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Read the Truth & Reconciliation Commission’s Report

Everyone, at some point in their journey of Reconciliation, needs to read the 94 Calls to Action recommended by the Truth and Reconciliation Commission to “redress the legacy of residential schools and advance the process of Canadian reconciliation.” Or connect here to the Truth & Reconciliation Commission Final Report to read other sections and excerpts.

We have included this action in every category and every path on this website as a reminder of how important it is for us to understand the history and path of Reconciliation in our country.

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Learn How & Why to Include Land Acknowledgement at Gatherings & Meetings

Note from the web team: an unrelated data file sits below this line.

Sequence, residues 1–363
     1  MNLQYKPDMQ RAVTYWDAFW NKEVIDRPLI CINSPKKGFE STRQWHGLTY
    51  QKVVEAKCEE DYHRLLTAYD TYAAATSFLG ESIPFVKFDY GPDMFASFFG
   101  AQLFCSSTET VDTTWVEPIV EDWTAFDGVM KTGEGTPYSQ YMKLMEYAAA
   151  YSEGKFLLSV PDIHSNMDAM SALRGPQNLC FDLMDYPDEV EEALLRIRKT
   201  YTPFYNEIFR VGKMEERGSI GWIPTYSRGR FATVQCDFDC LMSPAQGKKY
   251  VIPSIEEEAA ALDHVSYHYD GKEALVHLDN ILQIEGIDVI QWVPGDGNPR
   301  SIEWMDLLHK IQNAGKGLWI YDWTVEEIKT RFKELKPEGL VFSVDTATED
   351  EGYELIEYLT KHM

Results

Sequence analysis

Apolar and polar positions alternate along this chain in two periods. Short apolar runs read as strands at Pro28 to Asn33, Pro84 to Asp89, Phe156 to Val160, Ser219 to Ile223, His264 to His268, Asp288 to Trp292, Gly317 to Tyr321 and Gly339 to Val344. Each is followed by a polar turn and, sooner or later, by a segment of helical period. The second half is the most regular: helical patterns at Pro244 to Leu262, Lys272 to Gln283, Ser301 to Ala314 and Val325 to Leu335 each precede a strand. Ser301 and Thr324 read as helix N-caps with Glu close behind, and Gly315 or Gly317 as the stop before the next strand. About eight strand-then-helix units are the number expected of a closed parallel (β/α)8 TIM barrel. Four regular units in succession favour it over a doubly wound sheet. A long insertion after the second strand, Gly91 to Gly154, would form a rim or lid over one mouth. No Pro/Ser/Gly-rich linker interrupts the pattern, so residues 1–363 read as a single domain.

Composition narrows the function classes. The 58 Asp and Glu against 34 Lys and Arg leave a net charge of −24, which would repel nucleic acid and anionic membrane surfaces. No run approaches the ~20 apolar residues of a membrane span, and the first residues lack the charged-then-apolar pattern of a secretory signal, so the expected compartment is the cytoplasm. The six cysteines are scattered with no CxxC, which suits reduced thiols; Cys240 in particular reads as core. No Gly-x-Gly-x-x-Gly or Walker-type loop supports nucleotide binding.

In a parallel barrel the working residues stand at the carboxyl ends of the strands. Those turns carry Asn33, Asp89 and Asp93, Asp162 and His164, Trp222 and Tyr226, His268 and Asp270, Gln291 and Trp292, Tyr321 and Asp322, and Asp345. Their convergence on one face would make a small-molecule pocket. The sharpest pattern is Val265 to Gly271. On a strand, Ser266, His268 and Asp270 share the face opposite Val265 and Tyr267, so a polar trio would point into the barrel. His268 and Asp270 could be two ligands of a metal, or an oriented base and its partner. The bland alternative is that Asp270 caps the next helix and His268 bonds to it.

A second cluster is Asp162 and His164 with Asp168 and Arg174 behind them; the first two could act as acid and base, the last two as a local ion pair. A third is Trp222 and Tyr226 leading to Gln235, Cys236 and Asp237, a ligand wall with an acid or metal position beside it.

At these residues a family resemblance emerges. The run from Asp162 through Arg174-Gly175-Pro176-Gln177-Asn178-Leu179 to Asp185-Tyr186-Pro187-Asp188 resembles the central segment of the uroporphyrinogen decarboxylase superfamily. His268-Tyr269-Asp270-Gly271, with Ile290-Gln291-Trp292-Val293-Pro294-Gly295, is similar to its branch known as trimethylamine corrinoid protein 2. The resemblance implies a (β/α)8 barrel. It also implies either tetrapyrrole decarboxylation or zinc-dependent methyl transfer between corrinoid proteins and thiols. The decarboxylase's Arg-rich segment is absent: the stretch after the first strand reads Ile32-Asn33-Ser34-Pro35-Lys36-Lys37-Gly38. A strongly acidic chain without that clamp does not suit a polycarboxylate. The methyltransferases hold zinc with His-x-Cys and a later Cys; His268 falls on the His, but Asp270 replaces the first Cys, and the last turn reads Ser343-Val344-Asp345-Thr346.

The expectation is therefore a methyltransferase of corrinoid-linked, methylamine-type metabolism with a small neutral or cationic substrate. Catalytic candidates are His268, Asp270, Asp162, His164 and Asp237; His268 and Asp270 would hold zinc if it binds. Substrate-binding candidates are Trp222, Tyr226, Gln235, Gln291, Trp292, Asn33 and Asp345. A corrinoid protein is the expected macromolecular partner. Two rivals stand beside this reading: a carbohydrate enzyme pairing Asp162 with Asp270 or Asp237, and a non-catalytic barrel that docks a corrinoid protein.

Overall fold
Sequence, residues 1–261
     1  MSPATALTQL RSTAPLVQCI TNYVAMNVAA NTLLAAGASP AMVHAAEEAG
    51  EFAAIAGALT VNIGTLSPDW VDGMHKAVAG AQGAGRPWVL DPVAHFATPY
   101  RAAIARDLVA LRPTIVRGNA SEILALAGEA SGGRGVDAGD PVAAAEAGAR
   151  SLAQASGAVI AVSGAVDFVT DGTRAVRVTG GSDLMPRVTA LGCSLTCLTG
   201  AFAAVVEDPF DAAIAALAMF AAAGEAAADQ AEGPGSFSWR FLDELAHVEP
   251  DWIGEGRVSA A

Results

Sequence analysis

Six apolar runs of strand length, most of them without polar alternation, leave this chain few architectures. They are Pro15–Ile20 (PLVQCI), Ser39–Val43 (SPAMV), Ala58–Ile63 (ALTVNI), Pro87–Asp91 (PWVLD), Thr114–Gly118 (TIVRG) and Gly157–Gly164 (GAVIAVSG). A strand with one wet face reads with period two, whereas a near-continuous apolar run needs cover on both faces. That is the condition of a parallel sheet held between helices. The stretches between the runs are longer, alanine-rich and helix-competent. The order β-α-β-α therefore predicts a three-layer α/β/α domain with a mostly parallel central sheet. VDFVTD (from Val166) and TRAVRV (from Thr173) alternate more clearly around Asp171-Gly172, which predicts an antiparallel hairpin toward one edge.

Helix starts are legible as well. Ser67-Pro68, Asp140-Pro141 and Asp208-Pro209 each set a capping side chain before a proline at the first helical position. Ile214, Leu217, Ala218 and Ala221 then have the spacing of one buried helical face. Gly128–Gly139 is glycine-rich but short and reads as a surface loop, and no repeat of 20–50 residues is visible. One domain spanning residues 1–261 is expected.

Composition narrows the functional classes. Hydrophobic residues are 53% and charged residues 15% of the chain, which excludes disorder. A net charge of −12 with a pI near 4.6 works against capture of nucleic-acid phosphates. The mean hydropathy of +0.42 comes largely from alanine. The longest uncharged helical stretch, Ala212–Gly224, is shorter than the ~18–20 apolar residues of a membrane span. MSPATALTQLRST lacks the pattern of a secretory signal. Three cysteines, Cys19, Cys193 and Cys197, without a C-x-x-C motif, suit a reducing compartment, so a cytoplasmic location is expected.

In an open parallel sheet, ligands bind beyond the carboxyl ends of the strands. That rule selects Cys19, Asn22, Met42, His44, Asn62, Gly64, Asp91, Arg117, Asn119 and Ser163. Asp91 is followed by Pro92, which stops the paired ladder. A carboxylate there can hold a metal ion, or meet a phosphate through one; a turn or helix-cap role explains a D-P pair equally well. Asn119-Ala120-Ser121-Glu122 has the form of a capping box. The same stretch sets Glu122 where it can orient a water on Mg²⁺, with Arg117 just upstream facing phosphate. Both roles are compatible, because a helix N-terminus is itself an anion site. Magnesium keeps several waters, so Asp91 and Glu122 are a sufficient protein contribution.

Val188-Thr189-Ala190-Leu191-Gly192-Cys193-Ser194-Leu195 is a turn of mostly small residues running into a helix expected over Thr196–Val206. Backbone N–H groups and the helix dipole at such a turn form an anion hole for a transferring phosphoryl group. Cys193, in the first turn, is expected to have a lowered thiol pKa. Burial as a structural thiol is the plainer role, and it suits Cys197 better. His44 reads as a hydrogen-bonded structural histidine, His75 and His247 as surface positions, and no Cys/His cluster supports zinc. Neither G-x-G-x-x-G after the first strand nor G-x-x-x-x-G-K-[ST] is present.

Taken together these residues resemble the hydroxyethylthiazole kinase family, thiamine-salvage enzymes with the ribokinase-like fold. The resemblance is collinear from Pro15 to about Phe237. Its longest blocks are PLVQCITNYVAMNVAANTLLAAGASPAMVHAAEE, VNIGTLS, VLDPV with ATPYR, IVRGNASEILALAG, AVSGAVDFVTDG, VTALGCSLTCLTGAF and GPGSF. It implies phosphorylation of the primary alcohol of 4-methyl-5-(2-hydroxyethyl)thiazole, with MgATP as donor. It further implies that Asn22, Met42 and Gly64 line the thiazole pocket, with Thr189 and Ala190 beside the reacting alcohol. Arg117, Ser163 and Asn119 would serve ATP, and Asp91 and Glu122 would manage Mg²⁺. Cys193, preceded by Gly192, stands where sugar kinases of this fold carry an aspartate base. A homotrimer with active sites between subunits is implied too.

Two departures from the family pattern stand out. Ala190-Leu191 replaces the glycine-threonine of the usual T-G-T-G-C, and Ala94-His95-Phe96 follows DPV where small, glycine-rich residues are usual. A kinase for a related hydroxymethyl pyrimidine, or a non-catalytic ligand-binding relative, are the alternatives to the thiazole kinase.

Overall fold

Protocol for Business Leaders

Protocol for Faith Groups

Protocol for Educational Institutes

Begin all meetings and events with a land acknowledgement of the traditional territory on which you gather. It is a sign of respect, recognizing “you’re on the land of a Nation that has had a relationship since time immemorial with that land.” In addition to the links above, Amnesty International offers a guide for creating land acknowledgements and the Native Land website can also help you identify which territory you reside on.

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Attend Conferences that Focus on Reconciliation & Indigenization

2018 Think Indigenous Conference

Live Stream from the Conference

Think Indigenous was a conference in March 2018 that sought to “[inspire] change through Indigenous knowledge, story, and education.” The conference offered educators from all backgrounds the opportunity to work together in the enhancement of Indigenous Knowledges & Change. Watch the speakers online and see what they learned.